© May 4, 2018 | Schulter Etyang
This is the default mode of every human heart when bad things happen;
I have zealously served the Lord God Almighty… I am the only one left, and now they are trying to kill me, too. (1 Kings 19:10, 14 NLT)
These are the words of Elijah as he fled from the murderous threats of Jezebel. Why was Elijah on the run? Let’s check the context. Elijah had just finished doing some spectacular event for God. He had nudged Ahab king of Israel to some contest of sorts. “Ahab, prove that your god is the real deal.” Ahab took the bait and gathered 400 of his most prominent religious leaders to Mt. Carmel. Elijah was all alone. Each camp was to slaughter a bull, lay it on a Braai stand (South African term for a barbecue grill) and without fire, pray to their god that the meat would burn up. That was the deal. If the meat burns without a fire, then their god was real. So, the contest began in earnest.
Ahab’s religious leaders began to pray. They prayed for hours but their god didn’t answer. They cried aloud and cut themselves with knives and lances until blood came out. But he didn’t answer. At one point, Elijah poked fun at them and their god for his non-responsiveness. Perhaps he is asleep or meditating, or travelling, or busy, Elijah taunted them.
When it was his turn, Elijah took the bull he had slaughtered, built a stone Braai stand, dug a trench around it, poured water and seeds on it, three times. He made sure that it would be mission impossible for any kind of fire to light the wood. He then simply prayed and his God answered with fire. The fire burnt everything that was on the stand. Everything!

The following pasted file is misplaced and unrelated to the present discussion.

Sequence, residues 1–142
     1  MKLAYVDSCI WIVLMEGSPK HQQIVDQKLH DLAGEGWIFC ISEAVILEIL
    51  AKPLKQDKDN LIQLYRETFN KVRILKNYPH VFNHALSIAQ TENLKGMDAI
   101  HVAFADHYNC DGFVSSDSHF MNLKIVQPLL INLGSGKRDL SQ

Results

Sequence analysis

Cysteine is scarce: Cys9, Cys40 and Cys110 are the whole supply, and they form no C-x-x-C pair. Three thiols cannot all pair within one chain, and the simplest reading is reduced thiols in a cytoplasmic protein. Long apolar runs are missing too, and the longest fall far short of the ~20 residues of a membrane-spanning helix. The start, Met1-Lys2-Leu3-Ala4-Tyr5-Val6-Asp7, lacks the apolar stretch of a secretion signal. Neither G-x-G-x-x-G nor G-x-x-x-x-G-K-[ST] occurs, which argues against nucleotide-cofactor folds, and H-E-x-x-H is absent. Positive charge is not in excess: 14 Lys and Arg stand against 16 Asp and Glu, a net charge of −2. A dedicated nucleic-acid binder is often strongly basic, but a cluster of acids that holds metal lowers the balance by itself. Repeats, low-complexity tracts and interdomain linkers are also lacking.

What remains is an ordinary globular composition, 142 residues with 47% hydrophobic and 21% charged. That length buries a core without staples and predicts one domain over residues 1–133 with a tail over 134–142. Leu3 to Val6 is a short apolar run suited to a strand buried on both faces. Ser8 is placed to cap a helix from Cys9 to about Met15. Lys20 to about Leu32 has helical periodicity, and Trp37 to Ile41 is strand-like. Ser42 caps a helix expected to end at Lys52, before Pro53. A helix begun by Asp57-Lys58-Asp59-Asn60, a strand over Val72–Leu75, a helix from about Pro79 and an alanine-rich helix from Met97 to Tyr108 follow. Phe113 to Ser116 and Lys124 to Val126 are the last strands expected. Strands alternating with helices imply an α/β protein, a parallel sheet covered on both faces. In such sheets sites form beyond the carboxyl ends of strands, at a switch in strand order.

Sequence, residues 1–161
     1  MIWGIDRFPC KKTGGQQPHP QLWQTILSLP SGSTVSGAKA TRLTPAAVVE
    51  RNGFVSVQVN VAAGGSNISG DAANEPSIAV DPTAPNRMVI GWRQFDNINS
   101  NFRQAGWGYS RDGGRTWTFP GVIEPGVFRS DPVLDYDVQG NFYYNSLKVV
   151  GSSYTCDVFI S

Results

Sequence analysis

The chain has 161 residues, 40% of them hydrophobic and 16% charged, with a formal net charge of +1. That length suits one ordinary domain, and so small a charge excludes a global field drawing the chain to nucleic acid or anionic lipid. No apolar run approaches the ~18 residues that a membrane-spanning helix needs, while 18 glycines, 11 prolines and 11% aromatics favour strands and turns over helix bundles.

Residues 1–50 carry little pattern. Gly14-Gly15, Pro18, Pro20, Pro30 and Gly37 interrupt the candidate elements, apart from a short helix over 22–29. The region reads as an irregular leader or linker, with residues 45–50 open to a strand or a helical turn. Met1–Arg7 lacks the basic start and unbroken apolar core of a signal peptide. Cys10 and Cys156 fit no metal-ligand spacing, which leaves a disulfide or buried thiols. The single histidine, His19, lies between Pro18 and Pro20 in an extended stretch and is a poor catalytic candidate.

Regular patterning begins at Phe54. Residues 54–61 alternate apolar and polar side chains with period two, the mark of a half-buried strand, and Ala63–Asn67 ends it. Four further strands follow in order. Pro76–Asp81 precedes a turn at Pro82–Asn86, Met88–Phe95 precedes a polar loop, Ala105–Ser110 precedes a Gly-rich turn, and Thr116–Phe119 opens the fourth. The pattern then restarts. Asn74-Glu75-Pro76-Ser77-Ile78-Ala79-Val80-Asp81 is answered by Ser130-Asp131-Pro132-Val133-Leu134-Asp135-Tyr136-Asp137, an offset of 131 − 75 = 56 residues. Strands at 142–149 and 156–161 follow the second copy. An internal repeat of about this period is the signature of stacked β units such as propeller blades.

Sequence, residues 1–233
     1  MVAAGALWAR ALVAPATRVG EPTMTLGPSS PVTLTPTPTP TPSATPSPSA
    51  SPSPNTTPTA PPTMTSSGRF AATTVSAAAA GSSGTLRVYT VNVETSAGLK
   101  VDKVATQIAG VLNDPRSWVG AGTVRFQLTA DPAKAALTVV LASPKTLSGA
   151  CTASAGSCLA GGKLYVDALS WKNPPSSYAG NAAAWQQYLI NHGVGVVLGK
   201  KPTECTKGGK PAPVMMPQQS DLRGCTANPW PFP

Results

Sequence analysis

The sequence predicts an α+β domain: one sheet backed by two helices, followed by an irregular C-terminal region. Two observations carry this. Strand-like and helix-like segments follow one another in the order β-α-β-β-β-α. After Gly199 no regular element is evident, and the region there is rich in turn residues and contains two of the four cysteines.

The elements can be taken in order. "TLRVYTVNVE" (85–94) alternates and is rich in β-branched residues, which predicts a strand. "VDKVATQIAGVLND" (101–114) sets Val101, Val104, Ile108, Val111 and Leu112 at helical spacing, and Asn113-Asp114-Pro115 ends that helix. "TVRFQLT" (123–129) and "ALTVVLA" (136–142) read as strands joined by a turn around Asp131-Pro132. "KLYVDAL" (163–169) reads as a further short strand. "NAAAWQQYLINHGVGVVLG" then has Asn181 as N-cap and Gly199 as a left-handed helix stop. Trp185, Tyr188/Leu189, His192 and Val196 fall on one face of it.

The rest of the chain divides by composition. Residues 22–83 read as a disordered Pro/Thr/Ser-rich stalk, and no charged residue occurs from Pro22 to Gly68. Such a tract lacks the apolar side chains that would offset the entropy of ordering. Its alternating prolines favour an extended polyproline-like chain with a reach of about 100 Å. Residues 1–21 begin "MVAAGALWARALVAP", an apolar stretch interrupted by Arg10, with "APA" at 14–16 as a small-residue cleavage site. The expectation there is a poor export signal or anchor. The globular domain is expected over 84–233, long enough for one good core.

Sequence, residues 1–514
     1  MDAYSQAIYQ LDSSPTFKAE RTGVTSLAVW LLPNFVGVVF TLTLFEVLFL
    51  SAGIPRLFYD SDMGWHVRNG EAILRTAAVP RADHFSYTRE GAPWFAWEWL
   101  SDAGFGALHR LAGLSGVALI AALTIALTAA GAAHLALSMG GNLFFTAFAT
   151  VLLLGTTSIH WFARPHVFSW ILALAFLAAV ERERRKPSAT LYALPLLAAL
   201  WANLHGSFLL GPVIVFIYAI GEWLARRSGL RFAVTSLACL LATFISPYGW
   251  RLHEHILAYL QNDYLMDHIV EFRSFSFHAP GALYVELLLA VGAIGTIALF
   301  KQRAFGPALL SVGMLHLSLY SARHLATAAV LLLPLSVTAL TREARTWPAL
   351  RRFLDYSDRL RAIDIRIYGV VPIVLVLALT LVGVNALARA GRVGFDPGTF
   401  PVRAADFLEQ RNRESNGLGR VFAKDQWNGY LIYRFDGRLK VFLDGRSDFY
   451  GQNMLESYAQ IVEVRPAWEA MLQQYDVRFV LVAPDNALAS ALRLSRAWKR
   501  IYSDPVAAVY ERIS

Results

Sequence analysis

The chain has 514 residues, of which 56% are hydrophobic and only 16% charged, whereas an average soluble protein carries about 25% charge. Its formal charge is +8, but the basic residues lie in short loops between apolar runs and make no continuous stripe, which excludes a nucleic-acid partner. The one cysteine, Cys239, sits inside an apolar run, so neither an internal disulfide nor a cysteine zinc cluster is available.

Everyone was in awe. It was spectacular. It was amazing. They fell on their feet and worshipped the true God.
Ahab, then, ran home and told his wife. His wife was livid. She sent a messenger to Elijah with these words. “May the gods strike me and even kill me if by this time tomorrow I have not killed you just as you killed them.” (1 Kings 19:2 NLT)
Elijah took off. God found him in a man cave and asked him, Elijah what are you doing here? His response, “I have zealously served the Lord God Almighty… I am the only one left, and now they are trying to kill me, too.” (1 Kings 19:10, 14 NLT)
Elijah went where every human being goes when bad things happen. He recited how zealous he had been for God. He was the only one left that had done the right things.
This is so true especially for religious people of all faiths. We do good things in the hope that when it really matters, these good things would count for something. We subconsciously believe that if we do good things, then good things will happen to us. We even believe that bad things happen to other people because they might have done something wrong. So, we don’t understand when bad things happen to us when all along we have been doing good things. And especially the stakes are higher if we did those things FOR GOD. This is what is called works righteousness. Works righteousness is simply the idea of depending on your good works. Your good works, then, define who you are, what you do and what happens to you. And this is the default mode of every human heart.